William's Reviews > Isaac Newton

Isaac Newton by James Gleick
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Dec 16, 10

Read in August, 2010

With Isaac Newton, James Gleick once again reasserts his credentials as a scientific historian and writer of the first rank, as well as winning the National Book Award, and as a finalist for the Pulitzer Prize. But rather than concentrate on the likes of the father of Quantum Electrodynamics, the late Richard Feynman, or the originator of fractal geometry, Benoît Mandelbrot, Gleick's focus in this book is on Sir Isaac Newton, whose works on optics, and the creation of differential and integral calculus, allowed scientists to accurately describe and predict the motion of the planets in our solar system through the force of gravity. The mechanics of gravity as described by Newton are the foundation for physics and natural philosophy.

Gleick, with great erudition and clarity on his subject, but unlike his other works, with tremendous conciseness, presents Newton's nearly impoverished upbringing, early schooling, and his transformation from a reclusive and excentric observational scientist and theoretician, to a single force and beast that transformed the Royal Society, and later by appointment from the King of England, the Royal Mint. We also see the range of Newton's personal relationships with colleagues, supporters and rivals, from the likes of Sir Edmond Halley, to the reluctant correspondences with compatriot Robert Hooke, and fierce exchanges with the co-creator of calculus, Gottfried Leibniz. The portrait of Newton penned by Gleick is not one that casts Newton in a distorted forward-looking and modern scientist, but as an individual obsessed with the pursuits and techniques of alchemy of the ancients. Also illustrated is Newton as a philosopher and scholar of theology of great earnestness, who undertook with tremendous scrutiny, a rigorous review of early manuscripts of both the Old and New Testament to form an unorthodox and borderline heretical view of the trinity in Christianity.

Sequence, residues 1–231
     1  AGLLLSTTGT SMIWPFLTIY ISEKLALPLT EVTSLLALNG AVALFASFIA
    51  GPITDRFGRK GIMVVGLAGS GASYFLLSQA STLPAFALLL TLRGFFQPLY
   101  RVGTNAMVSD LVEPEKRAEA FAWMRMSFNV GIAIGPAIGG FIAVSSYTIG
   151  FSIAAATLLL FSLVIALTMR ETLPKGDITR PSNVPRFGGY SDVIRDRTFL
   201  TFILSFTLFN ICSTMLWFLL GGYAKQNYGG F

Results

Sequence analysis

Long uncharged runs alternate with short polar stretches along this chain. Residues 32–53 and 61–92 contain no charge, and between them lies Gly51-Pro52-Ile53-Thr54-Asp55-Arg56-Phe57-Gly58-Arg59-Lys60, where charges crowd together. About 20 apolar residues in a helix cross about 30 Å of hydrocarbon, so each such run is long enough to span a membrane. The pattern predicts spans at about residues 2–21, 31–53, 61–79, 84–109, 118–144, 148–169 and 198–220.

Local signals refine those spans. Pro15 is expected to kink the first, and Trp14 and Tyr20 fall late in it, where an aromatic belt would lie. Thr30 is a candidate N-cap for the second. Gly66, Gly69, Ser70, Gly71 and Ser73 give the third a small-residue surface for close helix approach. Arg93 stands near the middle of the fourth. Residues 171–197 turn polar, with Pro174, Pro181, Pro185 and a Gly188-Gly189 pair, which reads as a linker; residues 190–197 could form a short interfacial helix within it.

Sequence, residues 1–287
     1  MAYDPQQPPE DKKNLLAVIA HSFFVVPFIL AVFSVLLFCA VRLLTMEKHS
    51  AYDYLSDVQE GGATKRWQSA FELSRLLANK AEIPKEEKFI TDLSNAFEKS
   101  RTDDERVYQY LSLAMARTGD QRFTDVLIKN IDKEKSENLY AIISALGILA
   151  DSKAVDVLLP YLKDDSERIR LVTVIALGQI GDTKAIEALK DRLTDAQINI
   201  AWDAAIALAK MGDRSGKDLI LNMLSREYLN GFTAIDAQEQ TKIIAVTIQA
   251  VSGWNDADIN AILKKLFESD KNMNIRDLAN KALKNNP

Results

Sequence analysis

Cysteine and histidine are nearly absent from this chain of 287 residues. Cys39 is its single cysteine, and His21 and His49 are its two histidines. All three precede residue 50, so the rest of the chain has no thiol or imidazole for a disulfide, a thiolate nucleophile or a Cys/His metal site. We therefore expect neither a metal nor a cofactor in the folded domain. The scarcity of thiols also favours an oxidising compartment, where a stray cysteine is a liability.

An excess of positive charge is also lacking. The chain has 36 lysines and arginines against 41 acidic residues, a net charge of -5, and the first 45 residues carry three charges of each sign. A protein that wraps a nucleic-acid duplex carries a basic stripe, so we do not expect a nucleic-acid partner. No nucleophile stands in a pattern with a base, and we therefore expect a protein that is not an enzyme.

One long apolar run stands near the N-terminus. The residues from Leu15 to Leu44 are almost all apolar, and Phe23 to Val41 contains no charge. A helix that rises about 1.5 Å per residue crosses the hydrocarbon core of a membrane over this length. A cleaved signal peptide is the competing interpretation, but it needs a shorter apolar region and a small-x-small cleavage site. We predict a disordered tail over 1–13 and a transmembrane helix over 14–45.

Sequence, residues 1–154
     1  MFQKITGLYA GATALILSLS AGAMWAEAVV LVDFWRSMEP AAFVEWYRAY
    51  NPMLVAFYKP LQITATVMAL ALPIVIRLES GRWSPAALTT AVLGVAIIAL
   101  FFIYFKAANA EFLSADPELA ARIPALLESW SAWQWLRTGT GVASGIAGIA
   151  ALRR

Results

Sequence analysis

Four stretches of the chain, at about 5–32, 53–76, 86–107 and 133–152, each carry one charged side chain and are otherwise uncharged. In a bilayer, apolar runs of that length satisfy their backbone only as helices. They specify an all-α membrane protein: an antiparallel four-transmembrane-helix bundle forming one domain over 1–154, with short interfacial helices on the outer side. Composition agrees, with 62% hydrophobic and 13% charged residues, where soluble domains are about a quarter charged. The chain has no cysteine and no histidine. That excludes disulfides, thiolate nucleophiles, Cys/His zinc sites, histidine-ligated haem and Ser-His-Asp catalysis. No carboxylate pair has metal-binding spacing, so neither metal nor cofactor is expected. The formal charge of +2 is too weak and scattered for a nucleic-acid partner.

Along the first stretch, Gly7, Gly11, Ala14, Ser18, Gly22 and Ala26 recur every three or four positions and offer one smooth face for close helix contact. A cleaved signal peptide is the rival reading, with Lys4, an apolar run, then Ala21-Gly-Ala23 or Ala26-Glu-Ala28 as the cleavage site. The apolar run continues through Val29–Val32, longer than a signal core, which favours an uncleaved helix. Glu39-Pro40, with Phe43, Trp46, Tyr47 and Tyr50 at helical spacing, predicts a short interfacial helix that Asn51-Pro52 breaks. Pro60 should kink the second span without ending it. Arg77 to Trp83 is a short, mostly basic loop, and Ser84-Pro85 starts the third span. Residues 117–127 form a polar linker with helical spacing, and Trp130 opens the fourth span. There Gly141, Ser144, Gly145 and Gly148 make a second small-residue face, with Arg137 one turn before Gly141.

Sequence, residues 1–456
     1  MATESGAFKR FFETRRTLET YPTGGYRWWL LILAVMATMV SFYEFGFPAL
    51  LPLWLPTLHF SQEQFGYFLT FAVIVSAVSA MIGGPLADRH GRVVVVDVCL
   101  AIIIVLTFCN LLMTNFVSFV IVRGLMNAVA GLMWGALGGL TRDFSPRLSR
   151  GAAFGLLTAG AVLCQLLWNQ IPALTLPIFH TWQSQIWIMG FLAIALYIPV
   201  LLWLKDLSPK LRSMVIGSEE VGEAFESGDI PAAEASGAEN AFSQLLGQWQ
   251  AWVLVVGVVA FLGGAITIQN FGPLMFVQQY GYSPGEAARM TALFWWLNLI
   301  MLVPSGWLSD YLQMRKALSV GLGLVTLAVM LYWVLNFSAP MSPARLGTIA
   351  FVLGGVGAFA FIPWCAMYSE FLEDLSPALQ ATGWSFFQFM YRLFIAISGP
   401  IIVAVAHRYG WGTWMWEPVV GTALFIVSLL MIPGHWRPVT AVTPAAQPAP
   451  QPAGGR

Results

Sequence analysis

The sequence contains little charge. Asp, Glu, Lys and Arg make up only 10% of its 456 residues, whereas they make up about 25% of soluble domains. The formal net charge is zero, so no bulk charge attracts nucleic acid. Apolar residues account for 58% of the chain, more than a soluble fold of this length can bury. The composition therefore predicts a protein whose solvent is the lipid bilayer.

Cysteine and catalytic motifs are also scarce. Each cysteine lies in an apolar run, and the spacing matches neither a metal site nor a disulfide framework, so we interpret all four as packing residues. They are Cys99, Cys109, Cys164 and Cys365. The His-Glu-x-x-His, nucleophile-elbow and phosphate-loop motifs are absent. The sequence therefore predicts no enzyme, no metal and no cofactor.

In this masterfully crafted biography, Gleick makes accessible and understandable one of the intellectual giants in the history of science a compelling read.
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